Storage is another area where everything’s amazing and nobody’s happy. I only have to think about storage once or twice a year. When that rolls around, I fire up DaisyDisk, which helps me visualize where I’m wasting space on outdated iOS emulators, leftover disk image downloads, and the like. I delete them, and I’m back to 100GB or more of free space. If you’re doing audio or video production, or if you’ve got a MacBook Air with 64 or 128GB of solid state storage, storage management is probably still a pain point, though a comparatively manageable one. Storage no longer takes significant time away from computing.
Let’s think back some years. The permanent storage on my first computer was via cassette tape, which was slow and unreliable. This led to floppy disks, at first 5¼ inch floppy disks which were easy to bend or damage. Those gave way to 3½ inch disks with a hard outer shell and the floppy part contained inside. Storage was the constant, overriding concern when engaged in personal computing during the floppy disk era. It wasn’t uncommon to have to swap floppy disks many times in the course of what we’d consider a simple computing session today.
Hard drives really changed the game, though at first they were insanely expensive and relatively low in capacity. At first, hard drives eliminated disk swapping during boot or when using a complex application. Most data file storage was still done on floppy disks, as this was the only practical way to transport data from one computer to another. Everyone who used floppies for data storage has at least one horror story of data loss. The most creative one I encountered was a PhD student who put both a 3½ disk and a banana in his backpack only to find that the banana got into his disk, destroying his only electronic copy of his thesis. Such a situation is almost unimaginable today.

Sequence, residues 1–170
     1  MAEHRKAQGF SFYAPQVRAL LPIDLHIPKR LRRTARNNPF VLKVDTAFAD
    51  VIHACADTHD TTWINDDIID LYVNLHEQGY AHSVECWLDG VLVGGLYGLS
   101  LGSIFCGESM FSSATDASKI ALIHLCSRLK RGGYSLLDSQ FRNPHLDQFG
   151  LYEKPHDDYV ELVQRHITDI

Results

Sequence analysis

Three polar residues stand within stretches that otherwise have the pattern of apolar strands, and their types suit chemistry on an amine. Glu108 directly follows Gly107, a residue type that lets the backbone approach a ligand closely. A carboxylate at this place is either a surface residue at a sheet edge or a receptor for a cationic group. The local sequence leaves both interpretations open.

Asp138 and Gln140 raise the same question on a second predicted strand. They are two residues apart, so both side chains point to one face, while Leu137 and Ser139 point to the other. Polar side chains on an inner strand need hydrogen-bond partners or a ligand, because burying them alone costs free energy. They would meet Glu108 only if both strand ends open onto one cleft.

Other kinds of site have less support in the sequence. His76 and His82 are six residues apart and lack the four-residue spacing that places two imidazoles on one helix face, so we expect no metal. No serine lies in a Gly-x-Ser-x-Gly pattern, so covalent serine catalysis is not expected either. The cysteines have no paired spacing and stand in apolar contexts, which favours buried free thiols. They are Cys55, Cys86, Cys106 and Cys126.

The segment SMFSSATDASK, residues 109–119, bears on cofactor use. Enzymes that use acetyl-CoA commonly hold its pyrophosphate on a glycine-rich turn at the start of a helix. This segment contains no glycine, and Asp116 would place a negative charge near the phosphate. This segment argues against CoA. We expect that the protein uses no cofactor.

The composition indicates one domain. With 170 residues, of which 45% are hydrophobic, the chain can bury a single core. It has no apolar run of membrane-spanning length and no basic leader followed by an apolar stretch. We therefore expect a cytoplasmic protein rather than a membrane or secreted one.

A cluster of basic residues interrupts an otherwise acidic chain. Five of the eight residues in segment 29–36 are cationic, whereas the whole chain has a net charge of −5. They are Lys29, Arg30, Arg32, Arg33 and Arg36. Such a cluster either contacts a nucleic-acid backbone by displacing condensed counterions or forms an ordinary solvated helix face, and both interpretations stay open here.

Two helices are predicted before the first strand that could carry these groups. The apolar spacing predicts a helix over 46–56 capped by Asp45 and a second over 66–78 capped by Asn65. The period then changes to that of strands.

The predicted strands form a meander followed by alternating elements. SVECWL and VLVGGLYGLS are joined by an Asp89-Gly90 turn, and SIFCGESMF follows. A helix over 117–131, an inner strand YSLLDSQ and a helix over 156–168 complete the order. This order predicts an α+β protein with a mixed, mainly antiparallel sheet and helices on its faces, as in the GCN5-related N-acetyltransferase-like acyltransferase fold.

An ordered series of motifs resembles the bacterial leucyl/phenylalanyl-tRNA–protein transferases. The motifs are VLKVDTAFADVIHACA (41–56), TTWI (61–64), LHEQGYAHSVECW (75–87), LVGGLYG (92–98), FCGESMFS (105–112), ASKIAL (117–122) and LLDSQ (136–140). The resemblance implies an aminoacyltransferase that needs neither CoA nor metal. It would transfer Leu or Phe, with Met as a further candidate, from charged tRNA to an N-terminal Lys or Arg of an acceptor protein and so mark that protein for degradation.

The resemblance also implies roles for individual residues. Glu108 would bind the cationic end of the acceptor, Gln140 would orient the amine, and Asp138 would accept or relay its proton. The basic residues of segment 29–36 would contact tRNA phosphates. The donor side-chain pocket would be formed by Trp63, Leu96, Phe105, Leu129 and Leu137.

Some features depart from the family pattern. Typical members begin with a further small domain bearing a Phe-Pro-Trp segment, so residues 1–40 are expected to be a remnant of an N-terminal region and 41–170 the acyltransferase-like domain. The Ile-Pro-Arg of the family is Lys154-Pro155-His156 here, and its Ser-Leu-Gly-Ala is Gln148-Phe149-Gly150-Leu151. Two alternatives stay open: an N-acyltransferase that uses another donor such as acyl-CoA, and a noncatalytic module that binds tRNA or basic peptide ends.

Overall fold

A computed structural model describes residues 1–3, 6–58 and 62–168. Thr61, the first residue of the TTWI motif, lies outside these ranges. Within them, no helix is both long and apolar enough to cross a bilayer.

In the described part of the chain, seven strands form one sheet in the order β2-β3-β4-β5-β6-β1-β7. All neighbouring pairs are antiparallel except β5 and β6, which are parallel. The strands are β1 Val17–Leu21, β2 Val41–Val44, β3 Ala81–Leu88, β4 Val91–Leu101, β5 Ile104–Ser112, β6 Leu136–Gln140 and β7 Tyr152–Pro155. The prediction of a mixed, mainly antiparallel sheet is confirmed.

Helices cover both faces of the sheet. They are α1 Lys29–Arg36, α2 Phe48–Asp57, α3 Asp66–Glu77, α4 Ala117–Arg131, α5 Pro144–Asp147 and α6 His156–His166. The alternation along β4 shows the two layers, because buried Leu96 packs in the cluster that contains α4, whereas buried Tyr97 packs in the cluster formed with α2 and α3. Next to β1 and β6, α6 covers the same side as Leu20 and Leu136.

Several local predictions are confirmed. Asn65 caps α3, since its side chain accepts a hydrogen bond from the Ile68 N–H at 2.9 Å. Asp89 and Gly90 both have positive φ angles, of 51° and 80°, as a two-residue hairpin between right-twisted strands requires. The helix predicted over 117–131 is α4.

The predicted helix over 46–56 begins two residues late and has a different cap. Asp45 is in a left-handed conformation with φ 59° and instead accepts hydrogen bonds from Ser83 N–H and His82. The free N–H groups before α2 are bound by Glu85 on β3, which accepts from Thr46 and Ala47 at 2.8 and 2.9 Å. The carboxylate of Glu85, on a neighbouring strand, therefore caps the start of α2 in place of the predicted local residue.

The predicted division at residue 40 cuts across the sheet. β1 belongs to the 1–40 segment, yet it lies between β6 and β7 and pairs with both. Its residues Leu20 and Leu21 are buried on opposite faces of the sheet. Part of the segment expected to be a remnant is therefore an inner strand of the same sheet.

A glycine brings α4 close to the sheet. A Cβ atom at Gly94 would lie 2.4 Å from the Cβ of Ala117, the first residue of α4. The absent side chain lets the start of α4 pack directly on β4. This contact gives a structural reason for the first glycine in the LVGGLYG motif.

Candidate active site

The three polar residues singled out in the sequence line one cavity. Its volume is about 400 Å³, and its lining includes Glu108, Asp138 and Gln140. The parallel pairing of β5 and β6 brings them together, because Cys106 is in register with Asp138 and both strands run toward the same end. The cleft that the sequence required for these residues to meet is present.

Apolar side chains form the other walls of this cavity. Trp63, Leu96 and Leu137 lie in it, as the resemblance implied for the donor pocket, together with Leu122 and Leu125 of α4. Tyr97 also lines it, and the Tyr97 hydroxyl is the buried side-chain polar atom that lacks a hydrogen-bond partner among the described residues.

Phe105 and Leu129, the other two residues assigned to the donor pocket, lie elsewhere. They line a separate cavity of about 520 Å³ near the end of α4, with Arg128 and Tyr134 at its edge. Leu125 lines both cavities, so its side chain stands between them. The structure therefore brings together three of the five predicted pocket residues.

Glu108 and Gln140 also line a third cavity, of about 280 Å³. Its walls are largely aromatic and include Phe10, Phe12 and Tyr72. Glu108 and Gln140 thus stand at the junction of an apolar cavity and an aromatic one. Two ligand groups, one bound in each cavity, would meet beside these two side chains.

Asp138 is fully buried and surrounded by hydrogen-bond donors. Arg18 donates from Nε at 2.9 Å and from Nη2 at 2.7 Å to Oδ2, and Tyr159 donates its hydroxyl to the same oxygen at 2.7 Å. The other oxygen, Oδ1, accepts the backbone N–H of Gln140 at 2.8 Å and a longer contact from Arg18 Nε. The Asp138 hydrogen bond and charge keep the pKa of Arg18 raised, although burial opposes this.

Hard drives got bigger and less expensive. Email, online storage, and backup programs came on the scene, and folks began to store data files on hard drives. Storage became less intrusive to computing, but storage was still finite, limited, and unreliable. Backups became the replacement intrusion. The revolutionary and short-lived Zip and Jazz drives from Iomega provided high capacity external media. These gave way promptly to cheaper and more convenient writable CDs then read/write DVDs. It became easy to transport large amounts of data and to back up high capacity hard drives. Time Machine and cheaper, more reliable external hard drives practically eliminated backups as a computing intrusion.
Enter “the Cloud” and reliable, always-on Internet connections. These obviated the need for physical media to share your own data among multiple devices or multiple locations, to share data with others, and to store backups of critical data. Add cloud-based offsite backup solutions, such as Backblaze, and backups are now nearly 100% reliable. Data loss is no longer an overriding concern in daily computing.
Today, we have fast local storage in the form of high capacity solid state drives (SSDs). We have local backup to inexpensive spinning hard drives managed seamlessly by Time Machine. Offsite backup to the cloud ensures that we’re protected from failure of our Time Machine drives. We share data with our other devices and other people via the cloud.
Storage has shifted from the overriding concern of daily computing to a background task, which for the most part stays out of our way and lets us get the job done. Considering the path to get here, this is completely amazing (yet still some are not happy).